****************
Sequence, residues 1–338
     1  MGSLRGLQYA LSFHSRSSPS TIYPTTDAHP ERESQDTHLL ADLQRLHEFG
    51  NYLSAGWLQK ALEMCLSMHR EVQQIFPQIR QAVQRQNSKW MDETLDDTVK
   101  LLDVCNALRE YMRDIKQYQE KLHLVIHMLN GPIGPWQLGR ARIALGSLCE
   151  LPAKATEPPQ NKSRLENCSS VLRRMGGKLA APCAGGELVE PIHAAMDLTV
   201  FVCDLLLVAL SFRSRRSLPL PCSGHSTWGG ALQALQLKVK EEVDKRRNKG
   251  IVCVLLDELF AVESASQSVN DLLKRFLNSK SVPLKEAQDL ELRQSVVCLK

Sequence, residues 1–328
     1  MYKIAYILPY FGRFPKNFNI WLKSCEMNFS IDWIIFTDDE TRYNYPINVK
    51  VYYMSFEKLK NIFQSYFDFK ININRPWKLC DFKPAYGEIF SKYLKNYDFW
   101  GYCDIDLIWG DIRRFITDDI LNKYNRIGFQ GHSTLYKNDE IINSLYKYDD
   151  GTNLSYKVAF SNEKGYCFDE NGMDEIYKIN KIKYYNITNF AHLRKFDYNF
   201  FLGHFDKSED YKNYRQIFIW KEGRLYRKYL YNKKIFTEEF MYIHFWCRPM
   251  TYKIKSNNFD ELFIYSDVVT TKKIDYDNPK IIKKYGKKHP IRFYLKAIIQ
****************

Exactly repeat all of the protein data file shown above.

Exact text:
Sequence, residues 1–338
     1  MGSLRGLQYA LSFHSRSSPS TIYPTTDAHP ERESQDTHLL ADLQRLHEFG
    51  NYLSAGWLQK ALEMCLSMHR EVQQIFPQIR QAVQRQNSKW MDETLDDTVK
   101  LLDVCNALRE YMRDIKQYQE KLHLVIHMLN GPIGPWQLGR ARIALGSLCE
   151  LPAKATEPPQ NKSRLENCSS VLRRMGGKLA APCAGGELVE PIHAAMDLTV
   201  FVCDLLLVAL SFRSRRSLPL PCSGHSTWGG ALQALQLKVK EEVDKRRNKG
   251  IVCVLLDELF AVESASQSVN DLLKRFLNSK SVPLKEAQDL ELRQSVVCLK

Sequence, residues 1–328
     1  MYKIAYILPY FGRFPKNFNI WLKSCEMNFS IDWIIFTDDE TRYNYPINVK
    51  VYYMSFEKLK NIFQSYFDFK ININRPWKLC DFKPAYGEIF SKYLKNYDFW
   101  GYCDIDLIWG DIRRFITDDI LNKYNRIGFQ GHSTLYKNDE IINSLYKYDD
   151  GTNLSYKVAF SNEKGYCFDE NGMDEIYKIN KIKYYNITNF AHLRKFDYNF
   201  FLGHFDKSED YKNYRQIFIW KEGRLYRKYL YNKKIFTEEF MYIHFWCRPM
   251  TYKIKSNNFD ELFIYSDVVT TKKIDYDNPK IIKKYGKKHP IRFYLKAIIQ